Photo by Kristopher Roller on Unsplash
Everyone, it seems, is reflecting on the first year of the pandemic. What’s your takeaway on how this past year has affected you, your life? I resisted but finally took twenty minutes to jot down how my routines changed (very little, other than no travel or coffee dates) and how the circumstances influenced my perspective, attitude, mood, and energy (anyone else block out the first four months?). Whether or not you even care to look back, most of us will concur that life has been interrupted. The one we were familiar with, anyway. And the changes we’ve had to make are dragging on, far longer than any of us predicted or would admit to a year ago. As you start to emerge from a year of isolation—some more cautiously than others—how will you move on? Will you venture forth tentatively, gradually, or full-speed ahead, ready to resume life where you left off? Can we go back to before?
Those of us who have lived through cancer—in ourselves or a family member—know the uncertainty, unpredictability, and fear a life-threatening illness elicits. We never anticipate living through cancer, especially as a child or young adult, and most of us probably never imagine living through a pandemic. We are finding our way. Cancer taught us something about survival and about living beyond crises.
Suleika Jaouad was 22 years old when she was diagnosed with acute myelogenous leukemia (AML), an aggressive blood cancer with a 35% chance of long-term survival. In her newly published memoir, Between Two Kingdoms: A Memoir of a Life Interrupted, she shares what it was like to have cancer in her twenties.
“Age is an inextricable component of how we experience illness,” Suleika writes. As a young adult poised to launch herself into the world of work/career, independence, and friendships and intimate relationships, she instead was thrust back into her pink childhood bedroom or sequestered in a stark, fluorescent-lit hospital room for weeks on end. She was isolated and dependent on others while her friends and peers were out in the world finding themselves and establishing their careers. For three and a half years.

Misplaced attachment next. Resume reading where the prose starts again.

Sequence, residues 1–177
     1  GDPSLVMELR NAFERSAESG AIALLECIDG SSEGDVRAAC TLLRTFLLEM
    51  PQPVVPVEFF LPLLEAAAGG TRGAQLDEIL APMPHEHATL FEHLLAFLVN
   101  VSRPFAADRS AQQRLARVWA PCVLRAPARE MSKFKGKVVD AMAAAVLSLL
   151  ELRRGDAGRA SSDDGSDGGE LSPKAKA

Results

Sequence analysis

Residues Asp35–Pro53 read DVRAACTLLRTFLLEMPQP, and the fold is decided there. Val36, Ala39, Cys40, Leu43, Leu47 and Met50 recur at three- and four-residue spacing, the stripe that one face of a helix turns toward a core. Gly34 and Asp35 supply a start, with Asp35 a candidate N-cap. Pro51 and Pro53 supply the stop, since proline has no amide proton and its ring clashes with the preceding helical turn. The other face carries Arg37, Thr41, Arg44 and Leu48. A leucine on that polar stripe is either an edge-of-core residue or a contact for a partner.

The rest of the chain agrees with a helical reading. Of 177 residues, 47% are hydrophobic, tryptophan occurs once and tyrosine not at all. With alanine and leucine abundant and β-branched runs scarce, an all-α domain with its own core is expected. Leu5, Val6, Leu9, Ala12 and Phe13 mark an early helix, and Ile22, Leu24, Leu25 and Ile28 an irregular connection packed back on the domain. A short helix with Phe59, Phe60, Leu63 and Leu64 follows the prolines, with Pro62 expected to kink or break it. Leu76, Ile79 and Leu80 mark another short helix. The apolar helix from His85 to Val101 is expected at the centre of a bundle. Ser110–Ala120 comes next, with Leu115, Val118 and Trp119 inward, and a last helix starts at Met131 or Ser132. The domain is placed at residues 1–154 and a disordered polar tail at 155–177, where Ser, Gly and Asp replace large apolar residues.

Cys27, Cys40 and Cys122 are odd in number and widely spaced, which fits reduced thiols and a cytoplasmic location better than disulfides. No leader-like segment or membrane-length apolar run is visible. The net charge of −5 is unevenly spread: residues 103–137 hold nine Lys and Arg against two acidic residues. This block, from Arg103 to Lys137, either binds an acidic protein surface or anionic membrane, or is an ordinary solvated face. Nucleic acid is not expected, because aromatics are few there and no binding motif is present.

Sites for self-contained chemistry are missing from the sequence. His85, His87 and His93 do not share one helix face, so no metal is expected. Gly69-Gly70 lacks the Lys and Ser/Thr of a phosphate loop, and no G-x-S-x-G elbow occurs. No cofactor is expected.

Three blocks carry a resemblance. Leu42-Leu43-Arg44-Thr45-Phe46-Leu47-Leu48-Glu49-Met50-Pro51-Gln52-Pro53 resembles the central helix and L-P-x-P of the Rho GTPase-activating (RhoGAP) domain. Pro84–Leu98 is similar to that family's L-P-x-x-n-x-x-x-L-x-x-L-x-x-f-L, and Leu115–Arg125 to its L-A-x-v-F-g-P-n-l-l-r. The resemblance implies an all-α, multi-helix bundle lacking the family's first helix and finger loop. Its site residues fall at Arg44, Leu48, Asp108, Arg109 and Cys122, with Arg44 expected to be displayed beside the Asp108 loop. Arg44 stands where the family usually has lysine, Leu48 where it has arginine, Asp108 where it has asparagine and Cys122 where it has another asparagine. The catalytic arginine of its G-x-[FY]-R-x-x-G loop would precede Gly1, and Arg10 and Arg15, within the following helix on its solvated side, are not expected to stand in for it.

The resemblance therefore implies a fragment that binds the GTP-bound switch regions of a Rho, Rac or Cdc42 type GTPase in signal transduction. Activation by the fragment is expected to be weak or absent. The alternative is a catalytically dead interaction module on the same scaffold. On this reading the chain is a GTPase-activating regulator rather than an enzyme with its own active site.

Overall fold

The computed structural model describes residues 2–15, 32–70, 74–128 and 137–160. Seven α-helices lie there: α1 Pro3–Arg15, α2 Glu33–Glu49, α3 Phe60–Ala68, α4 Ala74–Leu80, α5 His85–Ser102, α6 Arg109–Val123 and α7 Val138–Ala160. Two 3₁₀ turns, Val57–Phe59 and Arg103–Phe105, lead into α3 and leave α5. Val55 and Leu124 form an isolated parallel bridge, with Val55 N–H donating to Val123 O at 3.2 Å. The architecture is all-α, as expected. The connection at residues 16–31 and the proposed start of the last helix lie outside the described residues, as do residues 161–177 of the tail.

When my four-year-old son had leukemia (ALL, a more “favorable” leukemia with an 80% survival rate then), the anticipation of more than three years of treatment overwhelmed me. We were just adapting to life with two children when everything changed. He would be almost eight years old when we could finally reclaim his childhood and move beyond simply surviving.
In this last year of the pandemic, I often thought about the adolescents and young adults who missed out on long-anticipated graduation festivities, a first-year away at college experience, a new job/career opportunity, athletic training and competitions, new cultural and social experiences, and critically, their independence. Kids are resilient, we’ve been told, and yes, it’s only been a year. So far. And perhaps life doesn’t feel so tenuous if you are healthy and well.
Although more than three years of treatment felt like forever, there was some certainty in knowing how long our son’s clinical trial was expected to last. Suleika only knew that she would need chemotherapy and a bone marrow transplant (BMT) that would entail a precarious 100-day engraftment period. She did what most of us do in “survival mode”—she took life one day at a time.
She doesn’t dwell on the stakes or risks of treatment in her memoir. But having worked as a BMT nurse, I know the day-to-day reality. When my son was diagnosed, my greatest fear was that he would need a transplant. Reflecting on that moment, I wrote: